Home > Drug use among students in higher education in Ireland.

Millar, Sean (2022) Drug use among students in higher education in Ireland. Drugnet Ireland, Issue 81, Spring 2022, pp. 1-4.

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The use of illicit drugs is a public health issue worldwide with the annual prevalence of drug use increasing over the past decade.1–4 International research from Ireland, the United Kingdom, and the United States suggests that approximately one-quarter of students in higher education institutes (HEIs) report using illicit drugs within the last 12 months.5–10 However, there is a lack of recent comprehensive data on drug use among students in higher education in the Republic of Ireland.

In September 2019, the then Minister of State for Higher Education, Mary Mitchell O’Connor TD, established a rapid response group to address the issue of drug use in higher education in Ireland. Minister O’Connor tasked the group with recommending a suite of specific actions appropriate to the higher education setting and in line with the Government’s national drugs strategy, Reducing Harm, Supporting Recovery: a health-led response to drug and alcohol use in Ireland 2017–2025,11 with the overall aim being to reduce harms experienced by students through the use of drugs. The My Understanding of Substance-use Experiences (MyUSE) research team in University College Cork (UCC), led by Dr Michael Byrne, was selected to develop the Drug Use in Higher Education in Ireland (DUHEI) Survey.12 The survey population included undergraduate and postgraduate students aged 18 years and over in publicly funded HEIs. The sampling strategy that was used ensured that a random representative sample of the student population was invited to participate in the survey.

At the launch of the DUHEI report were (L to R): Ahsa Woodhouse, president of UCC Students’ Union; Dr Michael Byrne, DUHEI principal investigator and head of UCC Student Health Department; Sam Dick, DUHEI project manager, UCC School of Public Health; and Lisa Ryan, DUHEI research assistant

Source: DUHEI, 2022

Figure 1: Type of drugs used by DUHEI survey participants who reported ever using an illegal drug 

Twenty-one publicly funded HEIs in the Republic of Ireland participated in DUHEI. Data collection was completed in early 2021 via a secure online survey platform. Over 11,500 participant responses were included for analysis, of which 60% were female. The median age was 21 years; 81% were undergraduates and 90% were European Union students. The main findings from the DUHEI survey are discussed below.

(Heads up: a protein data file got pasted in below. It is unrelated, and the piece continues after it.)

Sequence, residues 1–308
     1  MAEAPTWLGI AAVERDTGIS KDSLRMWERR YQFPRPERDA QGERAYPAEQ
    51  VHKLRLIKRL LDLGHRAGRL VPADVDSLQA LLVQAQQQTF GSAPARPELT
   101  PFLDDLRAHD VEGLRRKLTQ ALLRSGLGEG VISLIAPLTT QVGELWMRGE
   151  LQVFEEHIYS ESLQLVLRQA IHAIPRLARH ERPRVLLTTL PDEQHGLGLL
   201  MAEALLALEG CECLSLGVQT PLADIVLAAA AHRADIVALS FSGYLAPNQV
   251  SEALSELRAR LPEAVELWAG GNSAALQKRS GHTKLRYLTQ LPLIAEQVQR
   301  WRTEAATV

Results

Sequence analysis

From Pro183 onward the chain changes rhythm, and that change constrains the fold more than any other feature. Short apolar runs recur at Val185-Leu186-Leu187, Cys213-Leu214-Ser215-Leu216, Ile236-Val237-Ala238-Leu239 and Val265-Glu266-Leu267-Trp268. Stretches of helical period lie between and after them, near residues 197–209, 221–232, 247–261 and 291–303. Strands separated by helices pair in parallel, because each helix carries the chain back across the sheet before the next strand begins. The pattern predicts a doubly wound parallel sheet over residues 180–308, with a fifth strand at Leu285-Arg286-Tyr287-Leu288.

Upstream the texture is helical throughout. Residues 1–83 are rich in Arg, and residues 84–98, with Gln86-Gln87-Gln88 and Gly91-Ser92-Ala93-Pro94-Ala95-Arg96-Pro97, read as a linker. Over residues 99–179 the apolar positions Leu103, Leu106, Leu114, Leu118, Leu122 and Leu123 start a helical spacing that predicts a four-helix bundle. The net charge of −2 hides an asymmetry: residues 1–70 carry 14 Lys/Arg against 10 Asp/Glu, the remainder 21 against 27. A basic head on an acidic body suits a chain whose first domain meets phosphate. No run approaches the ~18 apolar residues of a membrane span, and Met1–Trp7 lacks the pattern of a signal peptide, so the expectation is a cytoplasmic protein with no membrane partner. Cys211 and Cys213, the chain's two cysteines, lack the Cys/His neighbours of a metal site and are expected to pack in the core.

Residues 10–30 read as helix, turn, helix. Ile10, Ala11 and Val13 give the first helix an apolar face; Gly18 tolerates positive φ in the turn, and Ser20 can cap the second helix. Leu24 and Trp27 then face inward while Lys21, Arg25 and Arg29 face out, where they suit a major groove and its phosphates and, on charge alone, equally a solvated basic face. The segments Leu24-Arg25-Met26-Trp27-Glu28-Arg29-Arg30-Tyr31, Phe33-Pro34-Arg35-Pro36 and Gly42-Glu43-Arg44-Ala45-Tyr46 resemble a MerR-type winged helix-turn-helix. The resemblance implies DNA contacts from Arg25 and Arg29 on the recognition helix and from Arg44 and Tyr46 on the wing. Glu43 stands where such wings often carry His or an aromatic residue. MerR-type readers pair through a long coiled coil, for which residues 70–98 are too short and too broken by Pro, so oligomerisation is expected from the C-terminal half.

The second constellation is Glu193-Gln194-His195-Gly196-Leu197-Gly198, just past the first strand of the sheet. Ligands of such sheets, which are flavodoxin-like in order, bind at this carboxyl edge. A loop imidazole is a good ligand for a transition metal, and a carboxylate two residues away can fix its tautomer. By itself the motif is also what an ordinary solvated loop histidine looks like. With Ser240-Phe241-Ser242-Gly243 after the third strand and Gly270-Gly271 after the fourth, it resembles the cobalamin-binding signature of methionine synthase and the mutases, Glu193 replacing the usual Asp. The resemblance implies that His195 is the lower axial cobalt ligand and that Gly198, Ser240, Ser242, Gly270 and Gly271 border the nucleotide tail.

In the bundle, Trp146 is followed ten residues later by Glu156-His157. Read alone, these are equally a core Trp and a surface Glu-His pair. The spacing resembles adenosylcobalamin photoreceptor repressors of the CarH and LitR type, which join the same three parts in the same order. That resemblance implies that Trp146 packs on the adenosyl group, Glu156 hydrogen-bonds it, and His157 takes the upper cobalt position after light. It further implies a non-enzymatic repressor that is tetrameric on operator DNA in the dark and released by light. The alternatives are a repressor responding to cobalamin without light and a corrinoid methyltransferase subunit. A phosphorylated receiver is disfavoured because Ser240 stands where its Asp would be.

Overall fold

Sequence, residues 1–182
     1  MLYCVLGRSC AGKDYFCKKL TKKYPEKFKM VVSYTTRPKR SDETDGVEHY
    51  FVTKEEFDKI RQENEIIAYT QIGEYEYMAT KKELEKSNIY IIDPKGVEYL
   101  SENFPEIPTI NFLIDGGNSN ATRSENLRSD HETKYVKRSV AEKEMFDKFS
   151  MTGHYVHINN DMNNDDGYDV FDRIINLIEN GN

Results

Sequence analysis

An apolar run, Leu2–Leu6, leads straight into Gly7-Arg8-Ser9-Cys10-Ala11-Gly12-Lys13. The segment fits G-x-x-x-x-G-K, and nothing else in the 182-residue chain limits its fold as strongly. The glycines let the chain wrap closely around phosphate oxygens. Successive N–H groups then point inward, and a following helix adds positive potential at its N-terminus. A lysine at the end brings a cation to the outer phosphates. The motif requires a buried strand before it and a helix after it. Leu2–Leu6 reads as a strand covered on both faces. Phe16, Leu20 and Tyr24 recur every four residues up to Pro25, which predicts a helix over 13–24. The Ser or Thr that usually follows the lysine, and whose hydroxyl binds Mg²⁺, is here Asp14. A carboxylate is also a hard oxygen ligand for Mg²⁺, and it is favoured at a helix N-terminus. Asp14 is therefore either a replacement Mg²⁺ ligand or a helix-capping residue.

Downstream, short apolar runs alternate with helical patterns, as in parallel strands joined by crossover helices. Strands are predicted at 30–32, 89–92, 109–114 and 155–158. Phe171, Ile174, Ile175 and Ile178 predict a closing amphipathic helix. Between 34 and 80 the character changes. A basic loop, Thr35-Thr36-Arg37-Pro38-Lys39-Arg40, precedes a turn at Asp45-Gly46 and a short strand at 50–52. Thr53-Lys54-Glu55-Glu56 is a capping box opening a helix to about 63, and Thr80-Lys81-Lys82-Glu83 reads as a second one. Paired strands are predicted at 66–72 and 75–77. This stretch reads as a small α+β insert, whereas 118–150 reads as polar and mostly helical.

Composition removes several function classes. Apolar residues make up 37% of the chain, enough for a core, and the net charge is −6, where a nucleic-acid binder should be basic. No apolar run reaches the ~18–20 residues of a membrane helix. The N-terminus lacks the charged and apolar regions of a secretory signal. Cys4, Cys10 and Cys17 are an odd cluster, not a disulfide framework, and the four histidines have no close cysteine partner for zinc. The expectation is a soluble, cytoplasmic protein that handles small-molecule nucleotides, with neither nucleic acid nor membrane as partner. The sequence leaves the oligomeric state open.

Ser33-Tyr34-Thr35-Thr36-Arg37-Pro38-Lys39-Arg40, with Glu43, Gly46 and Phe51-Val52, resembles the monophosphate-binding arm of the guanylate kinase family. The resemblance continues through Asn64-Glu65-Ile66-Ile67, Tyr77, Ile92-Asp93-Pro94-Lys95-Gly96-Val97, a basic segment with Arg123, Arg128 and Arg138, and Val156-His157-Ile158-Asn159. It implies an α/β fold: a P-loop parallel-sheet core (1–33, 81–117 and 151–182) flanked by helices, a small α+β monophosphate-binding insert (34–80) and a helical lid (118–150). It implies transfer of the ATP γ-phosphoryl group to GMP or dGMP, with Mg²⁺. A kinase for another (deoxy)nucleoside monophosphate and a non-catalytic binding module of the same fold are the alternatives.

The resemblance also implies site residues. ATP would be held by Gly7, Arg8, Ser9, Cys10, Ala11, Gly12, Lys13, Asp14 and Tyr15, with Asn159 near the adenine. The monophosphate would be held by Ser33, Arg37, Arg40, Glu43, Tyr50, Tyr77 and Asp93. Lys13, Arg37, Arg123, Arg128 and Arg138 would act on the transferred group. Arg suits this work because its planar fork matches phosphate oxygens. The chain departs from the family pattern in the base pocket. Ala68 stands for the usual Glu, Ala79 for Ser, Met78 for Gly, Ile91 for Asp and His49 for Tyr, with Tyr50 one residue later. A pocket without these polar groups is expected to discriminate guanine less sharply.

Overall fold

Student drug use

Results from the DUHEI survey revealed that over one-half of participating students reported ever using an illicit drug, with over one-third reporting drug use in the last year (recent use) and one-fifth reporting using drugs in the last month (current use). Among students reporting ever using an illegal drug (see Figure 1), the most commonly used drugs were cannabis (52%), cocaine (25%), ecstasy (23%), ketamine (16%), mushrooms (12%), amphetamines (9%), and new psychoactive substances (NPS) (8%). This order of prevalence of drugs/drug types was maintained across all three user groups.

Current users of cannabis reported doing so approximately twice weekly, while current users reporting cocaine or ketamine use did so approximately once monthly. One in four males and one in six females indicated current drug use; four out of 10 current users reported using two or more drugs on the same occasion. For the majority of drug types, the age of first use was between 19 and 21 years, whereas for cannabis it was between 16 and 18 years. One in four current users reported using cannabis when they were less than 16 years of age. 

Harms and effects

Although a majority of recent and current users felt that their drug use had neither negative nor positive effects on many aspects of their lives, the survey found that based on Drug Abuse Screening Test (DAST-10) scores, one in three recent

users and over one in two current users were at moderate or substantial risk of harms arising from their drug use. Just under one in two recent or current users reported having unprotected or unintended sex, or getting into fights, on at least one occasion in the preceding year. Six out of 10 current users reported engaging in sexual activity while under the influence of drugs and one in three of these reported that the drug used was cocaine. In addition, one in three current users believed that drugs have a negative effect on student life.